Parshat Behar 2018
I have this thing with the number 40 in the Bible. The flood was 40 days and night, Moshe went up to Sinai for 40 days and nights (twice), Shaul and David and Shlomo reigned for 40 years each. Eliyahu’s flight into the desert took 40 days and 40 nights. Jonah warns Nineveh – another 40 days and you are history.
So it is surprising to find another magic number – 50. In fact, we can say – actually according to Rabbi Asher Brander, the Ibn Ezra and the Ramban said – 50 means forever, in mystical terms, that is.
50 is what we are counting now. The 50 days of the omer, from Egypt to Sinai, from slavery to nationhood, from obeying a Pharaoh to obeying (and then disobeying) God. The Levites were allowed to serve in the Tabernacle or Temple only up to age 50. And in our parsha, the yovel, the jubilee, marks the end and the beginning. It’s a new day, it’s a new life, it’s a new world for us. It’s 50.
We of course understand that the overriding message is that the land belongs to God, not to us, and when after 50 years the land goes back to its original owners, the ones who inherited it when Bnei Israel entered the land, it’s not really going back to them. It’s more of a return to the divisions that were determined way back when.
But here Rabbi Shimon Klein brings up a question. Why is there a difference between land in a walled city and land out there with no walls? We are told that if a person must sell his property for whatever reason, the price he gets is based on how many seasons of crops he is selling. If it is close to the yovel, he gets little, if it is far from the yovel he gets more. But at the yovel, the land goes back to its original owner.
But if a person is living in a walled city (or Chazal say, in a city that once had or could have had a wall) and he sells his property, he has one year to change his mind and buy it back. After that, the property will belong to the buyer in perpetuity, or until he sells it.
Why the difference? Robert Frost wrote: Something there is that doesn’t love a wall. But that’s a wall to separate people. A wall around a city is another matter. Its purpose is to provide to unite: to provide defense and solidarity to those inside against all those outside. It’s not intended to separate but to merge all those within its boundaries.
What a wall does here is it creates a society. You don’t build a wall by yourself. You don’t have the money or the time or the manpower to do so. You have to do it together. This is the basis for the fabric of society, which of course has to be done up with all sorts of other content and connections to make that society viable and worthwhile.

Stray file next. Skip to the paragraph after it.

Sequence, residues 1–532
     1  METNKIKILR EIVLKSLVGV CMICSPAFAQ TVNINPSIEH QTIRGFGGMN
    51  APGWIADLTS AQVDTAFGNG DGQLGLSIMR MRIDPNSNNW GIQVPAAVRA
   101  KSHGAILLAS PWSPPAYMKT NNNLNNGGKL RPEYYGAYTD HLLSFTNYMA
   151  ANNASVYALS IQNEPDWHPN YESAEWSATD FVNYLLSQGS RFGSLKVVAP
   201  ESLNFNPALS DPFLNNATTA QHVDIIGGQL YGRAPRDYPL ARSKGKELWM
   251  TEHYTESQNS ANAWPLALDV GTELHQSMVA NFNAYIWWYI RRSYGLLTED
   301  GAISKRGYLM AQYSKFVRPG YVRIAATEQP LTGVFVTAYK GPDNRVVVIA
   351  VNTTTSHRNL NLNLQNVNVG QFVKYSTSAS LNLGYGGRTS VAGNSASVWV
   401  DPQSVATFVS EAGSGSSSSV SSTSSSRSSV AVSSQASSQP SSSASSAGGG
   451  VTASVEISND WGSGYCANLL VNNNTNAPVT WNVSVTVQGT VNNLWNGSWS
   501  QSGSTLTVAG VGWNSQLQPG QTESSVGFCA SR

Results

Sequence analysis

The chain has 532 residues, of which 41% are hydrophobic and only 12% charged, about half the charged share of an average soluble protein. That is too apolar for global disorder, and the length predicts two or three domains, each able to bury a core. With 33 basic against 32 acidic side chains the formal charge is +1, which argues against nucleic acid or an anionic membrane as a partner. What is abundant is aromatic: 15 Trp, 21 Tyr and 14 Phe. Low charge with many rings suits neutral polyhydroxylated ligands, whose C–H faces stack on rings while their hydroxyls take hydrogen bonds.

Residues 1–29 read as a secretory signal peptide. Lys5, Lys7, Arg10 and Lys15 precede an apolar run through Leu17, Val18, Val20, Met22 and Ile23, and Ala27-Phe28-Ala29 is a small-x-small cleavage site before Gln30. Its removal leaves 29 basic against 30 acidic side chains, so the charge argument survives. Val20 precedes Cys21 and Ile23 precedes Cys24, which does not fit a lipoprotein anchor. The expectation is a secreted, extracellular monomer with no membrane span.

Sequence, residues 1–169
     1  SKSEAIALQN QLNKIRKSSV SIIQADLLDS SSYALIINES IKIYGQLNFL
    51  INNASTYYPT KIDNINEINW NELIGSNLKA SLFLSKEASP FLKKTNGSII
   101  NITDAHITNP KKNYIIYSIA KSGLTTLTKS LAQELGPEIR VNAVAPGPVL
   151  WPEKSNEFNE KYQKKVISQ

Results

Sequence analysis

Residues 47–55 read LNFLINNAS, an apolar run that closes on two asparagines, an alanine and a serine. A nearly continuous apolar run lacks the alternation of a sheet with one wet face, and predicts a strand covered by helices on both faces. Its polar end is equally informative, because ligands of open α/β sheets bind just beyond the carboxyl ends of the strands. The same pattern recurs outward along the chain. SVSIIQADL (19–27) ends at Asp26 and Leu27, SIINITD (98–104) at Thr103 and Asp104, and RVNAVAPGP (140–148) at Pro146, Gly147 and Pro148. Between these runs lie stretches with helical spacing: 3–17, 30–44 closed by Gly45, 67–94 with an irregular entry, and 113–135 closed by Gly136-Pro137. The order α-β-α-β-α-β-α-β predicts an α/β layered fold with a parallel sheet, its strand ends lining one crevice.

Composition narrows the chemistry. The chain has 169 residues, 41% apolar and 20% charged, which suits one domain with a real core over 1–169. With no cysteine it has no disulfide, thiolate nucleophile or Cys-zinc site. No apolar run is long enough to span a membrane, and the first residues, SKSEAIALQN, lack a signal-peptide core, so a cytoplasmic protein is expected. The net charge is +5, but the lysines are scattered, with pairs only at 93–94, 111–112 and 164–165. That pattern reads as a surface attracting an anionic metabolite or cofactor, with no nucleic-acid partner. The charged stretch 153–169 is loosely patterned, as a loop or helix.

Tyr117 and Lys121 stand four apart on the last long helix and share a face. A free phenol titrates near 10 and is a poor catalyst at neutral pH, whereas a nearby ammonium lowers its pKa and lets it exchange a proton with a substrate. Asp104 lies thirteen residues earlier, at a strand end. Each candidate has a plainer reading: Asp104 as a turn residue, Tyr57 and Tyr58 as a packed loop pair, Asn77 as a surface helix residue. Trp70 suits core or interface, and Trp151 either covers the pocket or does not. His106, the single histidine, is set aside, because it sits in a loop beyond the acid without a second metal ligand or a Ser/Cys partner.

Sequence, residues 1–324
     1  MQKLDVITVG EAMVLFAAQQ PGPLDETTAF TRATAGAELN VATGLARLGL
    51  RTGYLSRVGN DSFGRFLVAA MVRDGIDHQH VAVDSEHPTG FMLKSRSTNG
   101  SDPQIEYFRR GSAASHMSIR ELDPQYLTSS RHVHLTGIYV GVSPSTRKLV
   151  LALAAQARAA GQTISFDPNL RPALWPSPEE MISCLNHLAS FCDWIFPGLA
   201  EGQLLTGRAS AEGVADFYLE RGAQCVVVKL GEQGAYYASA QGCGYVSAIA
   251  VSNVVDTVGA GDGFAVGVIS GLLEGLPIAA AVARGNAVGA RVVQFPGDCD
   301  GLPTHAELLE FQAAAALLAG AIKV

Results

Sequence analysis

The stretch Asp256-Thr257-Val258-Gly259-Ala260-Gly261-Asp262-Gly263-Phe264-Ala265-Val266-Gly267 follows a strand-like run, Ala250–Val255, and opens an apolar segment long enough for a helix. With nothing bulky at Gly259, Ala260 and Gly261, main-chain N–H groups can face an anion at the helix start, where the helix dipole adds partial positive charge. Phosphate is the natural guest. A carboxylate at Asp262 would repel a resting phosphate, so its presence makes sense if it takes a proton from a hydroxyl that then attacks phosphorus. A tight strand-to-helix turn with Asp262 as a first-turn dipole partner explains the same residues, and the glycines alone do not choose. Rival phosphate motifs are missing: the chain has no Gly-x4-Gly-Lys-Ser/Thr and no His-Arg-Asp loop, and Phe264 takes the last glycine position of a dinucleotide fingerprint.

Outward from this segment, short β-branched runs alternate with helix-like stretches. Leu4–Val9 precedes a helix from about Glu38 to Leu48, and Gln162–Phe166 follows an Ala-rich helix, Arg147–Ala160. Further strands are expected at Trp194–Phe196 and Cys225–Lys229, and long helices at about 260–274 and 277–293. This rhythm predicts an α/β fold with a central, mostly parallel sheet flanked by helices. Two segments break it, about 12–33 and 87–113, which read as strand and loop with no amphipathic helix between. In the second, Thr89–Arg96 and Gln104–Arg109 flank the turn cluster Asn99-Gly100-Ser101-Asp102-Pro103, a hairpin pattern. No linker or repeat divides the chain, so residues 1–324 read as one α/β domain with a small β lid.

This, says Rabbi Klein, is where the book of Vayikra turns from God’s point of view, to the human point of view. A field being worked is God’s territory. A city with its intricate web of relations between people living in close proximity is man’s work. If a person makes the decision to sell his property within the city, he is of course leaving God’s territory (because everything is His), but even more, he is leaving the social territory that his presence has helped to strengthen or weaken.
And here’s another point to consider. If we say that the ancestral land belongs to Yossele Shmendrik and always goes back to him in the yovel, what does this say about progress? You can’t go far. You are always brought back. But in a city, according to Rabbi Klein, the life of the collective becomes a recognized and valuable principle. Our power is augmented and amplified when we are part of a broader circle of life, with the power and authority to sell, to part with our property. We allow the buyers – and their families – to contribute to new life there.
To sum up, the land belongs to God and we have limited rights to it, just as Israelites belong to God and therefore can be slaves or servants in a very limited fashion (we often see this when a waiter serves us). Our connection to the land, our right to the land, is not unlimited. It is based on specific behaviors which are laid out in detail in the Torah more than once. And to drive the point home we are told that the other nations were driven out because of their unwholesome behaviors. This means we don’t have carte blanche support for what we take as our country, whether from our orange-haired friend in the United States or from the True Boss upstairs.
The late Rabbi Menahem Froman used to preach loud and clear – the land doesn’t belong to us, we belong to the land, and it’s our job to make sure we continue to belong.